This preview shows page 1. Sign up to view the full content.
Unformatted text preview: y, does that not increase
the total return? Not in a Miller-Modigliani world. In this world, the expected price
appreciation on this stock will drop by exactly the same amount as the dividend increase,
say from 10% to 8%, leaving you with a total return of 12%. While there remain numerous
adherents to this view, there are theorists who disagree by noting that a firm may signal its
confidence in its future earnings by increasing dividends. Accordingly, stock prices will
increase when dividends are increased and drop when dividends are cut. To complete the
discussion, there are still others who argue that dividends expose investors to higher taxes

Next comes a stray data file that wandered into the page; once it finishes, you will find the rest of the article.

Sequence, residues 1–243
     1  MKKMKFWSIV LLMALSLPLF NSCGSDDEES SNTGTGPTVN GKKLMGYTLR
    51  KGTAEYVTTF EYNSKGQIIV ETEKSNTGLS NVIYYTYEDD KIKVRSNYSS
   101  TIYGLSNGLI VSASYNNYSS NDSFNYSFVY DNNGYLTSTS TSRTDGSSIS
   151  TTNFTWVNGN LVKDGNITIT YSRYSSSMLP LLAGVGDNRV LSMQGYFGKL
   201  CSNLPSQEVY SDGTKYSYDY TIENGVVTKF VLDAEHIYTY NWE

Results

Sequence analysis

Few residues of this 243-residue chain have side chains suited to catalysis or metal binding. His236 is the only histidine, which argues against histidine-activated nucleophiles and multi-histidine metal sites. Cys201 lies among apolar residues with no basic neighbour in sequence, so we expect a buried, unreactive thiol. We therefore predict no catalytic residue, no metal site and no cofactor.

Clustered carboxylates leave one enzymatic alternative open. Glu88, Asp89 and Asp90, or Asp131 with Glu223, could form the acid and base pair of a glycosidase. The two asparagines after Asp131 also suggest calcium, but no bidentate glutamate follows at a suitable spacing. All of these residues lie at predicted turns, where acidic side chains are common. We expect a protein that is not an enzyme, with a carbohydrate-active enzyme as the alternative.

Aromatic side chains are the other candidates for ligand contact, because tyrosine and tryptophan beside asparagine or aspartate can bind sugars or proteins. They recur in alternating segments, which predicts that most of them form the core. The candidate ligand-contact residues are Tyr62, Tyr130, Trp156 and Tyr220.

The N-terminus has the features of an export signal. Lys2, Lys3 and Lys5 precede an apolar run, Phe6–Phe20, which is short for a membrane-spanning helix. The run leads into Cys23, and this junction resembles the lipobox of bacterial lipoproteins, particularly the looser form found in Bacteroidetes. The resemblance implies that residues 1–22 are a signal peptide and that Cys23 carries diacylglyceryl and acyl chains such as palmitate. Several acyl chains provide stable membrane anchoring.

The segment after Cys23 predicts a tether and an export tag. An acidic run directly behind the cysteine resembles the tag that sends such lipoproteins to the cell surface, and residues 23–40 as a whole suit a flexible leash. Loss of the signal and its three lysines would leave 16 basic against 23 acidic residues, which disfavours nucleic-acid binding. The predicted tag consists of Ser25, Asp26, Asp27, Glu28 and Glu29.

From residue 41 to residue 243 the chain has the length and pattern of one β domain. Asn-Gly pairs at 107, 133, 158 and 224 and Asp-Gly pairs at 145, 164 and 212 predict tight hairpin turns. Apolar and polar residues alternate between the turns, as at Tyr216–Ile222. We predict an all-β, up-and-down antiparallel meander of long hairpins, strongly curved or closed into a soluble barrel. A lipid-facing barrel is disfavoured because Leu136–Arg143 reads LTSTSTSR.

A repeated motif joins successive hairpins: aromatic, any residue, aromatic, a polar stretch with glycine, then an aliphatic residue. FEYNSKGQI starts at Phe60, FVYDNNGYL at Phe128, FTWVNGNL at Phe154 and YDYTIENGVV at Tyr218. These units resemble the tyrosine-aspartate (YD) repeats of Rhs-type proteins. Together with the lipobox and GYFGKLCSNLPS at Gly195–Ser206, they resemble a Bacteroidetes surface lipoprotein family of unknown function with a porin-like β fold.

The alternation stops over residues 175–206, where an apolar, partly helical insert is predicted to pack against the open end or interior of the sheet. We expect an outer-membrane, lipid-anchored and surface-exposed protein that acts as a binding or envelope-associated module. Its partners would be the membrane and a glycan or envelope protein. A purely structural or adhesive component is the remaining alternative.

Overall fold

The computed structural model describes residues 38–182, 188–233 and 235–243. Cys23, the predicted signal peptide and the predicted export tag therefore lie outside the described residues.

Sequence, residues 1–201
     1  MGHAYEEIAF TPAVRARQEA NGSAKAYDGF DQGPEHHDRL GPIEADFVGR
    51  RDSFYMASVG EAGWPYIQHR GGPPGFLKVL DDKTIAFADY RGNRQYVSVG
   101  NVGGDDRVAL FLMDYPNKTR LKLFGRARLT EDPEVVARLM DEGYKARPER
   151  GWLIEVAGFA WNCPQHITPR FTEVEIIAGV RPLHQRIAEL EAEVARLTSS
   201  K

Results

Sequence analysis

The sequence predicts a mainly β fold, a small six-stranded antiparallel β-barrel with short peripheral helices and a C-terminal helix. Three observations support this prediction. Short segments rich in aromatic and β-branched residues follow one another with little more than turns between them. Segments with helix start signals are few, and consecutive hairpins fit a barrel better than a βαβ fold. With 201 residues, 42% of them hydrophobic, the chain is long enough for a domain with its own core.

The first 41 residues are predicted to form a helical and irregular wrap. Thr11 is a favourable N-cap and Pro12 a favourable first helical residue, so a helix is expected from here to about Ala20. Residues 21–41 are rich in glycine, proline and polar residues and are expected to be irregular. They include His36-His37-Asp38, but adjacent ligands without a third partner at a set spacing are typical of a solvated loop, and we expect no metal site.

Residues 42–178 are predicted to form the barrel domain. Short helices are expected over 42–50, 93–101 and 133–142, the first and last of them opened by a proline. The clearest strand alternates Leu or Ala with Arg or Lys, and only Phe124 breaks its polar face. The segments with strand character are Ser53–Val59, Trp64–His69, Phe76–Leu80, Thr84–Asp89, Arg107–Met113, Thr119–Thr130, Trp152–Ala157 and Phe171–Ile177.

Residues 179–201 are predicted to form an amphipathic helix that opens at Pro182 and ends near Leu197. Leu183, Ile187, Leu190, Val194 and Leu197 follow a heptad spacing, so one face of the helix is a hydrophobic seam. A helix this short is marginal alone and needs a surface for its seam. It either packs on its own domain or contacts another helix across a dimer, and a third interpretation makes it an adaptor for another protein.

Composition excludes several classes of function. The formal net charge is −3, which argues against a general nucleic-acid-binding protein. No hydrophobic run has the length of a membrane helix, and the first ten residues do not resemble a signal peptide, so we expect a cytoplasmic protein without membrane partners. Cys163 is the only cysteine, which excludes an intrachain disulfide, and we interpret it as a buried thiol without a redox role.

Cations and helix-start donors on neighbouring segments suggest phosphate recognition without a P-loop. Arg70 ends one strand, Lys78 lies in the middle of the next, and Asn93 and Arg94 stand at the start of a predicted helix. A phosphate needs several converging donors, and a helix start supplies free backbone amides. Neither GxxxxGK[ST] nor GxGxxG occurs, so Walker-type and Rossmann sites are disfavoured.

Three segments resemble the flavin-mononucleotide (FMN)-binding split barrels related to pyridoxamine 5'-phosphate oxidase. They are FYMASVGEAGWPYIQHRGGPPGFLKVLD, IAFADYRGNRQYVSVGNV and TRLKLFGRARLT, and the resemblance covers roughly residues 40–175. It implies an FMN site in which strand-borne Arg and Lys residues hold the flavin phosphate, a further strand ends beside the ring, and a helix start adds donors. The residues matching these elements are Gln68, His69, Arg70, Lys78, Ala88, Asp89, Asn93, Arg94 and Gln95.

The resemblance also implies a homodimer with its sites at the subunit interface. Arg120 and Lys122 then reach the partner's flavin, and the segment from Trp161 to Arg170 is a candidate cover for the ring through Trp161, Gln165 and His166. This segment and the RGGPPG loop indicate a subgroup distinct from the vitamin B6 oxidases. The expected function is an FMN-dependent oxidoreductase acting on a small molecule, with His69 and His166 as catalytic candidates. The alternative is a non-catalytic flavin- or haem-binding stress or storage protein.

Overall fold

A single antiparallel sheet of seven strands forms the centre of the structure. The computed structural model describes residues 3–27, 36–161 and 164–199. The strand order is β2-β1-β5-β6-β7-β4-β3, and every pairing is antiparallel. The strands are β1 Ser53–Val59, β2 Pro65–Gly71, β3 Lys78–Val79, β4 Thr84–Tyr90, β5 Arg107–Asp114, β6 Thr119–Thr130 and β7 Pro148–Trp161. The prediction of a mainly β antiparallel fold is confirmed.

and thus should reduce value. Thus, dividends can increase, decrease or have no effect on
value, depending upon which of these three arguments you subscribe to.
Dividends do not matter: The Miller Modigliani Theorem
The basis of the argument that dividends don’t matter is simple. Firms that pay
more dividends will offer less price appreciation and...
View Full Document
This note was uploaded on 01/17/2012 for the course ECON 101 taught by Professor Econnorm during the Spring '11 term at Art Institutes Intl. Minnesota.
- Spring '11